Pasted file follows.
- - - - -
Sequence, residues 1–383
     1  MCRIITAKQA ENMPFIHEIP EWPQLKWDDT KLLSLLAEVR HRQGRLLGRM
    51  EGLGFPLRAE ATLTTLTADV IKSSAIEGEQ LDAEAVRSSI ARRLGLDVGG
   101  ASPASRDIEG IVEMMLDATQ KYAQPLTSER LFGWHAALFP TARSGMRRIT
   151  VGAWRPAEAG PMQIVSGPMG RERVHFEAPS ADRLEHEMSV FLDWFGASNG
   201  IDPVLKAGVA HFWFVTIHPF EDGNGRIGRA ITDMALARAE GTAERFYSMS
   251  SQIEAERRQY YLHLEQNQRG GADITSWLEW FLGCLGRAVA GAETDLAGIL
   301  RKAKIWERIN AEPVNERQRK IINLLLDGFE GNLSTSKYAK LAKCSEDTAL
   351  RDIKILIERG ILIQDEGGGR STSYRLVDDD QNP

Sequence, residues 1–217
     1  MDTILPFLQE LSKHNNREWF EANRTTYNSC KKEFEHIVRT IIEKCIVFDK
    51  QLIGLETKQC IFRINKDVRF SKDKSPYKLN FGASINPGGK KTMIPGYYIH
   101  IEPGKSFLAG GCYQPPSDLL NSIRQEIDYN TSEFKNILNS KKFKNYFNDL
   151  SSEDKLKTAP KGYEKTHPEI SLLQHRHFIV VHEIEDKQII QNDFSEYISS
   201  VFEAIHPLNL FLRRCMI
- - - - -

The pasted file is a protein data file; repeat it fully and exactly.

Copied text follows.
Sequence, residues 1–383
     1  MCRIITAKQA ENMPFIHEIP EWPQLKWDDT KLLSLLAEVR HRQGRLLGRM
    51  EGLGFPLRAE ATLTTLTADV IKSSAIEGEQ LDAEAVRSSI ARRLGLDVGG
   101  ASPASRDIEG IVEMMLDATQ KYAQPLTSER LFGWHAALFP TARSGMRRIT
   151  VGAWRPAEAG PMQIVSGPMG RERVHFEAPS ADRLEHEMSV FLDWFGASNG
   201  IDPVLKAGVA HFWFVTIHPF EDGNGRIGRA ITDMALARAE GTAERFYSMS
   251  SQIEAERRQY YLHLEQNQRG GADITSWLEW FLGCLGRAVA GAETDLAGIL
   301  RKAKIWERIN AEPVNERQRK IINLLLDGFE GNLSTSKYAK LAKCSEDTAL
   351  RDIKILIERG ILIQDEGGGR STSYRLVDDD QNP

Sequence, residues 1–217
     1  MDTILPFLQE LSKHNNREWF EANRTTYNSC KKEFEHIVRT IIEKCIVFDK
    51  QLIGLETKQC IFRINKDVRF SKDKSPYKLN FGASINPGGK KTMIPGYYIH
   101  IEPGKSFLAG GCYQPPSDLL NSIRQEIDYN TSEFKNILNS KKFKNYFNDL
   151  SSEDKLKTAP KGYEKTHPEI SLLQHRHFIV VHEIEDKQII QNDFSEYISS
   201  VFEAIHPLNL FLRRCMI